Archives for posts with tag: Equalism

I’m sure anyone paying attention to the shrill squawks of horn-rimmed glasses wearing feminazis with unnaturally-coloured Pixie Bob haircuts has heard about the patriarchy, but what is the patriarchy? Why are they so shrill about it? Traditionally a patriarchy is simply a family or society where the eldest male is revered as the head of that group, but as it is understood today, patriarchy (with a more specific ‘the’ attached to it now) is a societal system within which men are in possession of the mechanisms of power (wealth, political and economic clout, access to healthcare, etc.), and women are largely excluded from the process. The feminazis wish to destroy this gendered distribution of power.

What is it specifically that the feminazis want to send to their SJW equivalent of a gas chamber? Is it the maleness of this discrepancy? I’m sure in some instances that is the case, but those people are what is commonly referred to as, ‘stupid.’ A matriarchy (the matriarchy?) would be an equally unjust distribution of power. Fighting against an idea while clamouring for its mirrored counterpart is, as previously mentioned, stupid.

Ultimately, it isn’t the gender of the puppeteers of the system at all, but unchecked, hierarchical power that is exploitative. The current masculine domination is only tangentially related to inequality, since its very nature of being masculine isn’t based on any essentialist differences between genders but on tradition alone. It is only called “the patriarchy” because that is best description of the current state of affairs. The issue is power.

This is another reason that feminism isn’t actually about equality. Equality in oppressive power is not a worthy goal. It’s why radical feminist Jessa Crispin dismisses the term ‘white feminism’ in favour of ‘power feminism.’ The legitimate critiques that exist against “white feminism” are describing nothing more than a group trying to grasp hierarchical power in an oppressive system rather than fight against it, seeking equality in an unequal system. Their whiteness is no more the issue than the maleness of beneficiaries of the patriarchy. ‘Power feminism’ suggests that any feminist, regardless of race, can maintain these views.

Unfortunately, the etymologically feminine background of morally righteous feminism as the solution to the etymologically masculine patriarchy places an unnecessary conflict between men and women with men in the villainous role, but hopefully I’ve argued cogently that gender is the expression of the problem rather than the problem itself. There is a power imbalance, and gender is only the form that that imbalance takes. Universal access to financial stability, political voice, healthcare, etc. would mean that there could be no power differentials at all.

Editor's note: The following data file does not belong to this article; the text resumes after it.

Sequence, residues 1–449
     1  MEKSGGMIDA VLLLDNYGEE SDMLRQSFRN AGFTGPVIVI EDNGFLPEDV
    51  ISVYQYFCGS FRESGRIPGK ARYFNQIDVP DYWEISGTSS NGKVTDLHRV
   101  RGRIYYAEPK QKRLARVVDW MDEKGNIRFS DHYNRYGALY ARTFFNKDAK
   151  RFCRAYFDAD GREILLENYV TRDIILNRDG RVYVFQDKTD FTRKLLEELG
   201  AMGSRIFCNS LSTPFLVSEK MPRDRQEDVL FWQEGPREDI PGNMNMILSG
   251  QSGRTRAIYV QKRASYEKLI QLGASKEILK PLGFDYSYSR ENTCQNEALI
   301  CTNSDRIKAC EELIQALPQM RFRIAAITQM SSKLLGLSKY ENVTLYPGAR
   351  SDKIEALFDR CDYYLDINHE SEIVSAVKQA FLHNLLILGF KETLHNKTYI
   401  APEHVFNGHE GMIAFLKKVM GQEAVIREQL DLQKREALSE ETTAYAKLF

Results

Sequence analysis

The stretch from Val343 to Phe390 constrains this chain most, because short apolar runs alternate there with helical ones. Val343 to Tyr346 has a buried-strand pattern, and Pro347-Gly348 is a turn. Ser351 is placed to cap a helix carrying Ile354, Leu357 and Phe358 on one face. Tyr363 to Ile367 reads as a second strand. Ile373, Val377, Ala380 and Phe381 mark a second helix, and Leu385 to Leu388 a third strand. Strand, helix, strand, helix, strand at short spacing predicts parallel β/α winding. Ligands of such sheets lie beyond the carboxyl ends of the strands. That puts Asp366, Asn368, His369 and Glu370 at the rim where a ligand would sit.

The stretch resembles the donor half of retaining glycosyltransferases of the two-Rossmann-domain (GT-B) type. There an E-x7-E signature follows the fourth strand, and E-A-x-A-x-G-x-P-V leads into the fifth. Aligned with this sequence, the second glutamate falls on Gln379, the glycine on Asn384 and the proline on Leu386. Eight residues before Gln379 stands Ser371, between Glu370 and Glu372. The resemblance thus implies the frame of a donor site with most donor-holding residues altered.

Oh my gosh, you might gasp, are you saying that feminism necessarily requires an anarchistic lens? Um, yes. Yes I am.

Many people perceive the feminist quest as finding its ultimate success in complete equality between men and women, but this is quite easily disproved. Consider the following marital situations as a simple example:

  1. The husband and wife each have the exact same job, and earn the exact same pay. They both do an equal amount of dishes, an equal amount of vacuuming, an equal amount of yard work, etc. Each parent spends identical lengths of time with their children contributing in equal fashion in every aspect of their development. Each duty, household and career-oriented, are identical for each partner to promote total equality.
  2. The husband works as a police officer and the wife works as a nurse. The wife does the dishes, vacuums the carpets, and makes dinner while the husband mows the lawn, takes care of financial obligations, and maintains the family vehicle. The wife is responsible for prepping the children for school in the morning while the husband takes them to their extra-curricular activities. This could be considered the equal-but-different model.
  3. The wife works as the head of a large corporation while the husband stays at home. The husband does most of the childcare, while the wife provides financially for the family. The husband does most of the household chores as well because the wife frequently works long hours, though she does help out around the house on weekends when she has the time. This would be considered a reversal of traditional roles.

Which of these is considered the most feminist? The first is absurd. It’s like calculating the pennies when splitting up the cheque at a restaurant. No one ought to care that much. The second, though equality could be argued, is not feminist because it is representative of conformity to rigid gender roles. The last, though the relationship is unequal in its distribution of wealth dependency and household responsibilities, is the most feminist because it is clear that each partner in that relationship was not pressured to conform by outside social norms. Their roles are a definitive choice.

Feminism, therefore, is clearly not about equality but about the abolition of gender roles. If there were no roles forcing individuals into certain lifestyles, then presumably women and men would naturally navigate freely toward their own preferred choices. The distribution of pay and household responsibilities would become arbitrary since each family would have different motivations and goals.

Feminism is about each gender’s freedom to choose the life they want to live. Some might argue that it is equal opportunity that is necessary for this freedom to exist, but gender roles are the obstacle that must be overcome before equal opportunity can even exist. We must first believe that women and girls are capable of becoming doctors and lawyers or that men are capable of becoming nurses or homemakers before we give them the opportunity to do so.